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Researchers to Identify Genetic Biomarkers for Aggressive Breast Cancer

The Avon Foundation for Women recently awarded a $300,000 grant to Dolores Di Vizio, MD, PhD, associate professor in the Department of Surgery and the Department of Pathology and Laboratory Medicine and a member of the Cancer Biology and Urologic Oncology Research Programs at the Cedars-Sinai Samuel Oschin Comprehensive Cancer Institute to advance scientific research in aggressive breast cancer.

Di Vizio will collaborate with the Cedars-Sinai Women’s Cancer Program to investigate biomarkers in patient blood samples that may identify individuals with aggressive breast cancer. Biomarkers are genes or other molecules that can indicate a person’s predisposition to specific medical conditions.

Research findings have the potential to create a novel standard of care and a new source of biomarkers. The possible new source of biomarkers, known as large oncosomes, are tumor-derived vesicles that transmit signaling complexes between cell compartments, providing valuable insight into the progression of disease. Findings may also help researchers and clinicians predict the aggressiveness of breast cancer earlier in the diagnostic process.

“This kind of research is the essential foundation to get us to our real goal, which is to improve diagnostic and prognostic capabilities and find effective treatments for breast cancer,” said Di Vizio. “With this study, we hope to identify previously unrecognized large oncosomes as potential biomarkers in advanced tumors that can be visualized, quantified and isolated using methods easily translatable to the clinic.”

Funding from the Avon Foundation for Women, a nonprofit organization and longtime supporter of Cedars-Sinai, will provide an opportunity for researchers to further spearhead new technologies, therapies and surgical interventions that may provide better patient outcomes, beginning at diagnosis.

Working with Di Vizio to provide these advancements is collaborator Beth Y. Karlan, MD, director of the Women’s Cancer Program, director of the Division of Gynecologic Oncology in the Department of Obstetrics and Gynecology, the Cedars-Sinai Board of Governors Chair in Gynecologic Oncology and the director of the Cedars-Sinai Gilda Radner Hereditary Cancer Program.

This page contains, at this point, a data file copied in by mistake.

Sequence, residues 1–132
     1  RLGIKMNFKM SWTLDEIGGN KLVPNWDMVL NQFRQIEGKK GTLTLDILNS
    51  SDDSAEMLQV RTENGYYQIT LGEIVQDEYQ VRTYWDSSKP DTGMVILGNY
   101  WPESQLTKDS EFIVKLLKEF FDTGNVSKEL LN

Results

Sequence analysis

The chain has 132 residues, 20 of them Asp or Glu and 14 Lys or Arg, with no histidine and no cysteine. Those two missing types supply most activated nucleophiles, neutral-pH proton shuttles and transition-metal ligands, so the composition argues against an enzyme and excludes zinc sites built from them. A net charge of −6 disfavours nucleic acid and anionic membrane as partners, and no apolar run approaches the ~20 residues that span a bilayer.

“I’m excited to be a collaborator on this research study, as it holds promise to provide tangible improvements in earlier diagnostics and detection in aggressive breast cancer and is perfectly aligned with the program goals of the Cedars-Sinai Women’s Cancer Program,” said Karlan. “This Avon Foundation for Women grant will further our program’s commitment to studying cancer biology, developing new approaches to early detection and preventing and improving cancer survival for all patients.”

This is the first study on large oncosomes analyses in patients with breast cancer. Pilot funding for this grant is supported by the Martz Breast Cancer Discovery Fund.

Source: EurekAlert!

Team Finds Markers Related to Ovarian Cancer Survival and Recurrence

Researchers at the University of Illinois have identified biomarkers that can be used to determine ovarian cancer survival and recurrence, and have shown how these biomarkers interact with each other to affect these outcomes. Their findings appear in the journal PLOS ONE.

Researchers try to find molecules called biomarkers that help determine a person’s likelihood of getting a disease or, if they have already been diagnosed, how far the disease has advanced. Genes, transcription factors and microRNAs are often used as biomarkers because these molecules can be heralds of disease or portents of susceptibility.

Genes are segments of DNA that code for proteins or other molecules that perform the functions of the cell. Transcription factors regulate these genes by binding to specific DNA sequences, preventing or inducing the genes to be “expressed” at higher or lower levels. MicroRNAs, as their name suggests, are small RNA molecules that regulate an intermediate stage of gene expression. Transcription factors and microRNAs also can regulate each other.

The relationships among transcription factors, microRNAs and target genes can be visualized as interconnected networks. These intricate webs are often used to determine how diseases such as cancer proceed. Analyzing how these networks function in cancer can offer insight into how tumor cells proliferate and differentiate, undergo (or resist) programmed cell death, and how likely they are to become invasive.

According to the American Cancer Society, an estimated 22,240 women will be diagnosed with ovarian cancer in 2013, and 14,230 will die of the disease; this makes ovarian cancer the fifth most common cause of cancer death in women.

The high prevalence of ovarian cancer and ovarian cancer deaths in the U.S. prompted U. of I. animal sciences professor Sandra Rodriguez-Zas and doctoral researcher Kristin Delfino to search for biomarkers associated with ovarian cancer survival and recurrence.